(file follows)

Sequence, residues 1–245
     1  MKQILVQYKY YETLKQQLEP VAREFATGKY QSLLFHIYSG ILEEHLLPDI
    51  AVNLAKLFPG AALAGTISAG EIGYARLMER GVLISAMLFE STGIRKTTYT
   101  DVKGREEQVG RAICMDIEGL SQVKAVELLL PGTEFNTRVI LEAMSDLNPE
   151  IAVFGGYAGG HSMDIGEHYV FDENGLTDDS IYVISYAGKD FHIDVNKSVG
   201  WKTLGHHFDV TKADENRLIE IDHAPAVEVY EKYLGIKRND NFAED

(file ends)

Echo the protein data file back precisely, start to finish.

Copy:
Sequence, residues 1–245
     1  MKQILVQYKY YETLKQQLEP VAREFATGKY QSLLFHIYSG ILEEHLLPDI
    51  AVNLAKLFPG AALAGTISAG EIGYARLMER GVLISAMLFE STGIRKTTYT
   101  DVKGREEQVG RAICMDIEGL SQVKAVELLL PGTEFNTRVI LEAMSDLNPE
   151  IAVFGGYAGG HSMDIGEHYV FDENGLTDDS IYVISYAGKD FHIDVNKSVG
   201  WKTLGHHFDV TKADENRLIE IDHAPAVEVY EKYLGIKRND NFAED